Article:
Venom's Healing Bite

  • By Kate Becker
  • Posted 02.17.11
  • NOVA

For hundreds of millions of years, evolution has been perfecting its own brand of biological warfare: venom. The toxic compounds in venom are finely honed weapons capable of launching precision attacks against cells in the nervous system, bloodstream, and organs. Now, medical researchers are tapping these potent chemical cocktails to develop new therapies for cancer, heart disease, and chronic pain. Nature's swords, it turns out, can make powerful medical ploughshares.

Launch Interactive

Toxic compounds in animal venom could yield new drugs for heart disease, cancer, and chronic pain.

Kate Becker is a researcher for NOVA and NOVA scienceNOW, and a frequent contributor to NOVA's blog.


Targeting cancer

Anonymous. 2009. "Scorpion venom with nanoparticles slows spread of brain cancer." ScienceDaily, 17 April 2009.

Anonymous. 2006. "Radioactive scorpion venom for fighting cancer." ScienceDaily, 27 June 2006.

Keeping tumors in check

Pyrko, P. et al. 2005. "The role of contortrostatin, a snake venom disintegrin, in the inhibition of tumor progression and prolongation of survival in a rodent glioma model." Journal of Neurosurgery, 2005 Sep; 103(3):526-37.

Finn, Robert. 2001. "Snake venom protein paralyzes cancer cells." Journal of the National Cancer Institute, 93 (4): 261-262.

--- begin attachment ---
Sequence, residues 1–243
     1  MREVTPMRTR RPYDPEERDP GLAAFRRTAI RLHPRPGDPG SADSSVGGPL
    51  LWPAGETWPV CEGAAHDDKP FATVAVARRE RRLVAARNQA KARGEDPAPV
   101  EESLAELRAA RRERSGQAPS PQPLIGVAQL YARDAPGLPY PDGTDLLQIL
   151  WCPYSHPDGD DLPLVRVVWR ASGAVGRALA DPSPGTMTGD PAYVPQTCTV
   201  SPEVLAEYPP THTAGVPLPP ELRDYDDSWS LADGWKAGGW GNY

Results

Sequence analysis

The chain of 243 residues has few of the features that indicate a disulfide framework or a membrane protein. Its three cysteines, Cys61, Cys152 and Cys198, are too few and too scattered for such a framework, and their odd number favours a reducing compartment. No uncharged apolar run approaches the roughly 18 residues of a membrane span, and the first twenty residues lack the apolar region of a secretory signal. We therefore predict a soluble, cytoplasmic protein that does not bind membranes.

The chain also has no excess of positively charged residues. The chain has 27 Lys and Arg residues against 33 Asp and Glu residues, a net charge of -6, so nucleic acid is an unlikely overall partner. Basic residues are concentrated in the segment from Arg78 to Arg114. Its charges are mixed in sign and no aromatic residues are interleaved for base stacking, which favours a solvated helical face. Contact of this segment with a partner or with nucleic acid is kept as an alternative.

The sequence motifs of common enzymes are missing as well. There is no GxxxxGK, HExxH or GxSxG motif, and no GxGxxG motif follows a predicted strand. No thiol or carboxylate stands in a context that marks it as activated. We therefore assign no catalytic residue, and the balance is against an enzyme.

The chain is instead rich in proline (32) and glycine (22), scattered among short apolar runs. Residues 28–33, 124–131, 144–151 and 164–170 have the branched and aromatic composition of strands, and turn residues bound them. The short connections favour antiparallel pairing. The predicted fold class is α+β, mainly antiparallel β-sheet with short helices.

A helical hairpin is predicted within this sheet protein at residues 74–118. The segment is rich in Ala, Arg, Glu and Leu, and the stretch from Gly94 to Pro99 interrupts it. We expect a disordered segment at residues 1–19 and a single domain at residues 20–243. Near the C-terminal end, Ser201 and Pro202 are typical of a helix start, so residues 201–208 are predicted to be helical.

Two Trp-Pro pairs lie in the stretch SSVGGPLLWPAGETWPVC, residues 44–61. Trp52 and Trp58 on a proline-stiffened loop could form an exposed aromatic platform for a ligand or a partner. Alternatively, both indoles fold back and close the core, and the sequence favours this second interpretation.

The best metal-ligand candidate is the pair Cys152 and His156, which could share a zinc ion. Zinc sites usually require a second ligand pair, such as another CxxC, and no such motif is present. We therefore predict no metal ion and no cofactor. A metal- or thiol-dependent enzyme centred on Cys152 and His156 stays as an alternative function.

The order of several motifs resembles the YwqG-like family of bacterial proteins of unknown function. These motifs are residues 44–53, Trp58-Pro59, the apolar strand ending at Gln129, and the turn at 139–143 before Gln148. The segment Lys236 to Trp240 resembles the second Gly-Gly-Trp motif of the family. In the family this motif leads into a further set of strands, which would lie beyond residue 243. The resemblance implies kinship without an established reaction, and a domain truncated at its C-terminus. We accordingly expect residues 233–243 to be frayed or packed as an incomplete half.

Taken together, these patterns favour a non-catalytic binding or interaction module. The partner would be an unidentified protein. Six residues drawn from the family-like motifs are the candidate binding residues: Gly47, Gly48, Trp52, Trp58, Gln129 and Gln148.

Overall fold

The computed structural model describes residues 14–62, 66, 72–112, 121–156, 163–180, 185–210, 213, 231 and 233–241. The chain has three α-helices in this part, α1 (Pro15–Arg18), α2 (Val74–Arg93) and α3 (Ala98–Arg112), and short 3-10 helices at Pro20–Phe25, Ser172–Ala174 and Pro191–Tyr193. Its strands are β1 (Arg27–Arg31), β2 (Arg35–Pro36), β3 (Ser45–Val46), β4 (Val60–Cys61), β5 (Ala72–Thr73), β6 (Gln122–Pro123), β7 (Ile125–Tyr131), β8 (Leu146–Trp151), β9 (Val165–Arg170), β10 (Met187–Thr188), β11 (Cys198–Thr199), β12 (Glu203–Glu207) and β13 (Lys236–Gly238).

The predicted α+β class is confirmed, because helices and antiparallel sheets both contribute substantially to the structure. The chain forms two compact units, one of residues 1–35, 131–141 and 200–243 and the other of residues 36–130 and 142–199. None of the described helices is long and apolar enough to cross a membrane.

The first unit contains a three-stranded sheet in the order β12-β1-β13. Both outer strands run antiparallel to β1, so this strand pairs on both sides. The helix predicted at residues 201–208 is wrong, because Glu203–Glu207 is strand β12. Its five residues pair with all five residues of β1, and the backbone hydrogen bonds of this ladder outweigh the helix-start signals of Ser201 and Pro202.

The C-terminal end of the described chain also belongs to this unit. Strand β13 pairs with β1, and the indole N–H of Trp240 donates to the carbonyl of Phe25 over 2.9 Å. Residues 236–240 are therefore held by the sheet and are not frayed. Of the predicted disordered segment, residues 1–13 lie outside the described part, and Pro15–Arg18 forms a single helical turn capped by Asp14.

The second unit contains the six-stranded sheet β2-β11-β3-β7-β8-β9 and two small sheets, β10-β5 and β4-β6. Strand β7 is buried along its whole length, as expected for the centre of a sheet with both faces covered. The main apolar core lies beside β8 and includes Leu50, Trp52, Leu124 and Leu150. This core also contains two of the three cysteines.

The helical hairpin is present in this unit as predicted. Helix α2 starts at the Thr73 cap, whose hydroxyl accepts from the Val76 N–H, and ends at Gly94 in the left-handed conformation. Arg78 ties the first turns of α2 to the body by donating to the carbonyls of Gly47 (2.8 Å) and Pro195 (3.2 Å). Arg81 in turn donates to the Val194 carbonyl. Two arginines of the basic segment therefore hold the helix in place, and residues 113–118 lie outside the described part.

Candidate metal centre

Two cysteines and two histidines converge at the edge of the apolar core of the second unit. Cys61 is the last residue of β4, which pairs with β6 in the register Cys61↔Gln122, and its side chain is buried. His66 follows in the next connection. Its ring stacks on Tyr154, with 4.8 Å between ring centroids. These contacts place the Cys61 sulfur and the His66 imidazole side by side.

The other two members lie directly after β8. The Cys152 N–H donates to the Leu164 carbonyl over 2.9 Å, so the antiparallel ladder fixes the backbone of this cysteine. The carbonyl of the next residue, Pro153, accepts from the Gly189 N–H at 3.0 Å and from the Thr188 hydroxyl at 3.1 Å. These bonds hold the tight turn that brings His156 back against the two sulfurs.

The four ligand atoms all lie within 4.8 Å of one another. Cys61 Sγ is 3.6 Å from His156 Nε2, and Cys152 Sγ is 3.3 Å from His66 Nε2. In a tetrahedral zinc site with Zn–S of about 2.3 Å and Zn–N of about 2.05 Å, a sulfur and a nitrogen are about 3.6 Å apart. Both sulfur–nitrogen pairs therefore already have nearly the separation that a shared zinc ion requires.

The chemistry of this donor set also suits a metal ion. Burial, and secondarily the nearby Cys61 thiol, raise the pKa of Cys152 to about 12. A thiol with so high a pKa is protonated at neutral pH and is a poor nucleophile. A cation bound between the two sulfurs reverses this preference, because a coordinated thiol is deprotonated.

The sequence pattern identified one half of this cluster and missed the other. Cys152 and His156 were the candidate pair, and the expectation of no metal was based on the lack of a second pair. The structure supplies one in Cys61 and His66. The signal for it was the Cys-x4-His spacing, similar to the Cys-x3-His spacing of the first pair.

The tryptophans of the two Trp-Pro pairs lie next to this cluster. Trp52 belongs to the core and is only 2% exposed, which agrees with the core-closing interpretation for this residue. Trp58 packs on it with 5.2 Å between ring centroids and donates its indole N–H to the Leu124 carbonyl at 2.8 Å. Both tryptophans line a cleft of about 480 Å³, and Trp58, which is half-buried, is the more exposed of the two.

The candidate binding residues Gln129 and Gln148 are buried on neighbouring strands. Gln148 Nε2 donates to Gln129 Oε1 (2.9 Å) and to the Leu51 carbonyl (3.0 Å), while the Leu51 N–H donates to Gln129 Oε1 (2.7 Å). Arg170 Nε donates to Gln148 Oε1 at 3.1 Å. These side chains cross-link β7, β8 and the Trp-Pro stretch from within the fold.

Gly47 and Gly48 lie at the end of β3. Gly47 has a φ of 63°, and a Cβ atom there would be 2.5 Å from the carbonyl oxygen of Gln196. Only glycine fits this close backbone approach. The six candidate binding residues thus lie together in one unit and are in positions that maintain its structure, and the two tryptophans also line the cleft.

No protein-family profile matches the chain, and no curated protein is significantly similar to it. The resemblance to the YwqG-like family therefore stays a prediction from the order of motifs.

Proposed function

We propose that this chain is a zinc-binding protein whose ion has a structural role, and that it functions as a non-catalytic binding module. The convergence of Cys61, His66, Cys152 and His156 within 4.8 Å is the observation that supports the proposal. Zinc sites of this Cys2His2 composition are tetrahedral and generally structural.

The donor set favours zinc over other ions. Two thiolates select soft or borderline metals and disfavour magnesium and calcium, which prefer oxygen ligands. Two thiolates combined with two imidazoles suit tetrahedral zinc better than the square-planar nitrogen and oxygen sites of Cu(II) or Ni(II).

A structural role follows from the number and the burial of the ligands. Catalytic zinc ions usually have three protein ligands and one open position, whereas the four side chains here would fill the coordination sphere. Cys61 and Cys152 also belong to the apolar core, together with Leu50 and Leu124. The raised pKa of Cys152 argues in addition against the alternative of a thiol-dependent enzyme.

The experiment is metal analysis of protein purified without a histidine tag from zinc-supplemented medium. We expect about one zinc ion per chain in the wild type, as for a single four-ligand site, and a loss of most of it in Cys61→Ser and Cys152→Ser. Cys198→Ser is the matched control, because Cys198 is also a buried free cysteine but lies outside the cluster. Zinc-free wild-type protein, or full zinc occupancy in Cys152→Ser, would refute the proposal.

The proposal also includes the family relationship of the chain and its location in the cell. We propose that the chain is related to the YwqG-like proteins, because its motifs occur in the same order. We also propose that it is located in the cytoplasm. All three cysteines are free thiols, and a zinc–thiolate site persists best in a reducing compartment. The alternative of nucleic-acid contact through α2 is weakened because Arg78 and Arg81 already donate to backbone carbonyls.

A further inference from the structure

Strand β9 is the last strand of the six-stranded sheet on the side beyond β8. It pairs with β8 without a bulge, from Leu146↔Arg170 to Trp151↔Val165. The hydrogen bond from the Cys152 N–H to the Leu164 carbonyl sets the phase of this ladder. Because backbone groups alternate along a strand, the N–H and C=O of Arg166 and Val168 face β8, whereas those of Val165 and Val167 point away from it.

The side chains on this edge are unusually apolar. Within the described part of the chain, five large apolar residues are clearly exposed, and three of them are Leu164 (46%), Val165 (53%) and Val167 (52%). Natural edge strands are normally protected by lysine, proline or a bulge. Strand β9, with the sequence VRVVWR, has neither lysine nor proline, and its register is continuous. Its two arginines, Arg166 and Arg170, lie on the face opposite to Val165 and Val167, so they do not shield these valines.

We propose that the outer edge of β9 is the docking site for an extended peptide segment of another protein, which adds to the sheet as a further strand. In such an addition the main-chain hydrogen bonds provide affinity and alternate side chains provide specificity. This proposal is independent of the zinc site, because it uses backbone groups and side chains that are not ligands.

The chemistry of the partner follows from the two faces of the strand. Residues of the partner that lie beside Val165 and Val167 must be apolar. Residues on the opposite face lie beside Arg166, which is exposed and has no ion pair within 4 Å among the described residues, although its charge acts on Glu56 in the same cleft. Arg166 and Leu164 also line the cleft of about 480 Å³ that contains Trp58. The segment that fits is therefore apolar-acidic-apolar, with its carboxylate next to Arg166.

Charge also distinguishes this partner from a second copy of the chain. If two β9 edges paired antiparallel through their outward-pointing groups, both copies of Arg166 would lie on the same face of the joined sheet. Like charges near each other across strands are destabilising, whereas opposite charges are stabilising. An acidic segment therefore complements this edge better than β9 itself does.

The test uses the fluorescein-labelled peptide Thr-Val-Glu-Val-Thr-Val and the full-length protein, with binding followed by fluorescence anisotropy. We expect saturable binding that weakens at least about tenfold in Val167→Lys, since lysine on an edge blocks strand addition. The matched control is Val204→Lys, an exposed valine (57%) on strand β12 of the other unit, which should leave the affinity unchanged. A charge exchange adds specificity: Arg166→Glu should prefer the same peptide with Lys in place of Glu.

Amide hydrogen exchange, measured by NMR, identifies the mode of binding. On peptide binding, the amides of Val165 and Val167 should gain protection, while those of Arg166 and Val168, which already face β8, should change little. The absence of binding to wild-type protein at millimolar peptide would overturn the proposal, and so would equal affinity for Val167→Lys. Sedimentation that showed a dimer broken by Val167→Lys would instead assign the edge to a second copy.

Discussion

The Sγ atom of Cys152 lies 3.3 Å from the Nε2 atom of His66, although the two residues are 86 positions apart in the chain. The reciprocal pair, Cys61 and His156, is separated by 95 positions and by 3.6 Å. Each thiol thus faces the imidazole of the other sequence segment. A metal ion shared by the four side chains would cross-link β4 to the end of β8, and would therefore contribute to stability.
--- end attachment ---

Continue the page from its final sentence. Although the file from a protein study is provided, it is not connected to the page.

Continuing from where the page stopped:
Killing cancer cells

Ericson, Gwen. 2009. "Tumors feel the deadly sting of nanobees." Washington University in St. Louis newsroom website, 10 August 2009.

Loftus, Peter. 2009. "The buzz: Targeting cancer with bee venom." The Wall Street Journal, 28 September 2009.

Controlling blood pressure

Mayo Clinic staff. "Angiotensin-converting enzyme (ACE) inhibitors." Mayo Clinic website, accessed 3 February 2011.

Patlak, Margie. 2004. "From viper's venom to drug design: treating hypertension." Journal of the Federation of American Societies for Experimental Biology, 1 March 2004.

Relieving pain

Zapp Machalek, Alisa. 2005. "Sea snail venom yields powerful new painkiller." NIH Record, 1 March 2005.



(death stalker scorpion)
© Arie van der Meijden
CDC/James Gathany
Jon Sullivan
(Bothropoides jararaca)
Daniel Loebmann
(pygmy rattlesnake)
© Maik Dobiey
(Conus magus)
© Richard Ling. Licensed under GFDL

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